The NBA season just ended. We have no idea when next season will begin. We don’t even know when free agency will start, what the cap number will be set at, what the tax structure will look like, if there will be fans in arenas or even 82 games.
But it’s never too early to bet on next NBA season!
PointsBet put out early lines on NBA win percentages for the next regular season. Not win totals, because there’s no telling how many games will be played.
But I’ve put together a convenient table so you can put the win percentages into the context of a normal 82-game season.
2021 NBA Win Total Odds
|Team||Win Pct Over/Under||82-game projection|
|Milwaukee Bucks||0.683 [Bet Now]||56|
|Los Angeles Lakers||0.652 [Bet Now]||53.5|
|Los Angeles Clippers||0.652 [Bet Now]||53.5|
|Boston Celtics||0.646 [Bet Now]||53|
|Denver Nuggets||0.610 [Bet Now]||50|
|Miami Heat||0.604 [Bet Now]||49.5|
|Golden State Warriors||0.604 [Bet Now]||49.5|
|Brooklyn Nets||0.604 [Bet Now]||49.5|
|Toronto Raptors||0.591 [Bet Now]||48.5|
|Philadelphia 76ers||0.591 [Bet Now]||48.5|
|Utah Jazz||0.585 [Bet Now]||48|
|Houston Rockets||0.585 [Bet Now]||48|
|Dallas Mavericks||0.579 [Bet Now]||47.5|
|Indiana Pacers||0.549 [Bet Now]||45|
|Portland Trail Blazers||0.530 [Bet Now]||43.5|
|New Orleans Pelicans||0.470 [Bet Now]||38.5|
|Phoenix Suns||0.457 [Bet Now]||37.5|
|Orlando Magic||0.451 [Bet Now]||37|
|San Antonio Spurs||0.433 [Bet Now]||35.5|
|Oklahoma City Thunder||0.433 [Bet Now]||35.5|
|Atlanta Hawks||0.433 [Bet Now]||35.5|
|Memphis Grizzlies||0.421 [Bet Now]||34.5|
|Chicago Bulls||0.415 [Bet Now]||34|
|Sacramento Kings||0.402 [Bet Now]||33|
|Washington Wizards||0.390 [Bet Now]||32|
|Minnesota Timberwolves||0.390 [Bet Now]||32|
|Charlotte Hornets||0.317 [Bet Now]||26|
|New York Knicks||0.311 [Bet Now]||25.5|
|Detroit Pistons||0.305 [Bet Now]||25|
|Cleveland Cavaliers||0.305 [Bet Now]||25|
So where’s the value? I looked at last season’s SRS — Simple Rating System– from Basketball-Reference which identifies strength of schedule vs. point differential, along with Pythagorean win percentage to get a sense for how many wins each team should have had last season.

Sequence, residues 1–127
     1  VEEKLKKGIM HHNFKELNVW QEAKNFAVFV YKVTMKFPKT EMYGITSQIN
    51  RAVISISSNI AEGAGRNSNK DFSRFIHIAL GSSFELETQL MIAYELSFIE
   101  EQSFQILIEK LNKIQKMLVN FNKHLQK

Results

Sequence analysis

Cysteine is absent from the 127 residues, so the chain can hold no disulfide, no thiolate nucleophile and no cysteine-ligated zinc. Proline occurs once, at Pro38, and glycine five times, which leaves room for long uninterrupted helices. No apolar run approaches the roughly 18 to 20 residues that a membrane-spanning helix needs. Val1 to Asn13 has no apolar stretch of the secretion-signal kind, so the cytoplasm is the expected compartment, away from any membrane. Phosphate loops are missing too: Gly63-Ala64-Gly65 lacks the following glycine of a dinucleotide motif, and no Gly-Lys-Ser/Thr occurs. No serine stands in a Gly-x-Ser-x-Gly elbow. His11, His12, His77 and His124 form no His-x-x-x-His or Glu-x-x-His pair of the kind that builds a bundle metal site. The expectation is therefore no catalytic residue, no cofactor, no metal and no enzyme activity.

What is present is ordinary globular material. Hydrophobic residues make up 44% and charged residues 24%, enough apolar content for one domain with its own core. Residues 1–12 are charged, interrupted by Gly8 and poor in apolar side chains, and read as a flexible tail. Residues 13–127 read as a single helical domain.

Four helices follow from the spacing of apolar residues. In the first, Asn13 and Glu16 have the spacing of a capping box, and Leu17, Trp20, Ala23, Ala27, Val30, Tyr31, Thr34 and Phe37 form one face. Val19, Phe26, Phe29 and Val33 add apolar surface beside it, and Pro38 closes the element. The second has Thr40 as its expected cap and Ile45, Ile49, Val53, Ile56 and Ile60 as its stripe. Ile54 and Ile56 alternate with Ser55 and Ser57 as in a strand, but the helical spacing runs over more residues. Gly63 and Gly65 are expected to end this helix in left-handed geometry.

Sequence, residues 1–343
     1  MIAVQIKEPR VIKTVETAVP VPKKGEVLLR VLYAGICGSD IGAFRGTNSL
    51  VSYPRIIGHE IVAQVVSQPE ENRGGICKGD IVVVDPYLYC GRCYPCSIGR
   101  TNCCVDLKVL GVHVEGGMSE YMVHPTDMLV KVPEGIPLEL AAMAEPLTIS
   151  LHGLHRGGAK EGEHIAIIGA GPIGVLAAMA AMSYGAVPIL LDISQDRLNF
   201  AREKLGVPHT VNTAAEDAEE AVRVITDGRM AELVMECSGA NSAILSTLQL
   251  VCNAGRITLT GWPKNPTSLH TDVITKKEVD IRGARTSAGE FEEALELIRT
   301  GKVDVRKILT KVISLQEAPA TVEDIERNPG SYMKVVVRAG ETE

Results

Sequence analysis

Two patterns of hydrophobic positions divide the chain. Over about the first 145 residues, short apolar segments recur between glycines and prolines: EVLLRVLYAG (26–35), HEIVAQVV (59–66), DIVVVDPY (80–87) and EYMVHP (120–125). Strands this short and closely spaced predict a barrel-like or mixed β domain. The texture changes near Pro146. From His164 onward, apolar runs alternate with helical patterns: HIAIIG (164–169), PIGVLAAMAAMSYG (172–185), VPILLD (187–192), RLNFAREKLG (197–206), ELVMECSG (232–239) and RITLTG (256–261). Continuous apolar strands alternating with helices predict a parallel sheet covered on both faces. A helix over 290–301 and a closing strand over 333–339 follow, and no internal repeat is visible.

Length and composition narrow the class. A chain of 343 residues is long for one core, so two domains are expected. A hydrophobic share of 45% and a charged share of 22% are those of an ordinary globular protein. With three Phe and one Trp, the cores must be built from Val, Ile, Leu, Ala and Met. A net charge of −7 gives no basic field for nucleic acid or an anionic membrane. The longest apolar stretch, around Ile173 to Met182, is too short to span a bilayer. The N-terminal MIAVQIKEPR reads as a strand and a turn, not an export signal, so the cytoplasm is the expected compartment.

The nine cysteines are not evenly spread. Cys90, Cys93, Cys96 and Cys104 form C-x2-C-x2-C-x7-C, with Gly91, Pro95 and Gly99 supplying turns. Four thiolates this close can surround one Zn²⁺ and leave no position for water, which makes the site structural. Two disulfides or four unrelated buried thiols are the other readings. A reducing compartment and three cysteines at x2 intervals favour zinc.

Here are the eight values that stand out most to me.
Golden State Warriors Over .604
If you read my breakdown on how the Warriors had the best title value on the 2021 futures list, this won’t surprise you, but I have to be consistent. This line extrapolates to a 49.5-win pace for a team that gets its big three of Klay Thompson, Stephen Curry and Draymond Green back together.
The Warriors’ bench was decimated last season when Shaun Livingston retired and Andre Iguodala was traded as the Warriors pursued light years moves. However, the benefit of last season was giving the Warriors the ability to rebuild that bench.
Eric Paschall is a legit rotation player with high production capability. Ky Bowman can give solid minutes. Andrew Wiggins is still Andrew Wiggins, but he had some moments of not looking as much like himself when Curry came back last in the season before the shutdown.
Then there’s the No. 2 pick, which could produce another big man (James Wiseman, perhaps) to combat the Los Angels Lakers or another guard to provide a different dimension.
Meanwhile, let’s go back to the light-years concept. The Warriors have moves to make. They can package the No. 2 pick, and Wiggins’ contract, which isn’t exactly a plus but might get bites on the line. If they throw in Draymond Green, the offer probably gets more attractive.
The bigger point is that the baseline for the Warriors is the two-time MVP and best shooter on the planet with a healthy Thompson (with more rest time), alongside Green and one of the best coaches in league history in Steve Kerr, with more of an idea of supporting cast options.
Golden State is a 50-win team in almost any scenario.
Atlanta Hawks Under .433
The Hawks’ Pythagorean expectation across an 82-game season, even without the last month of mostly tanking, was just 22 wins. Their line expects 35 wins across an 82-game season, but this is not a 35-win team.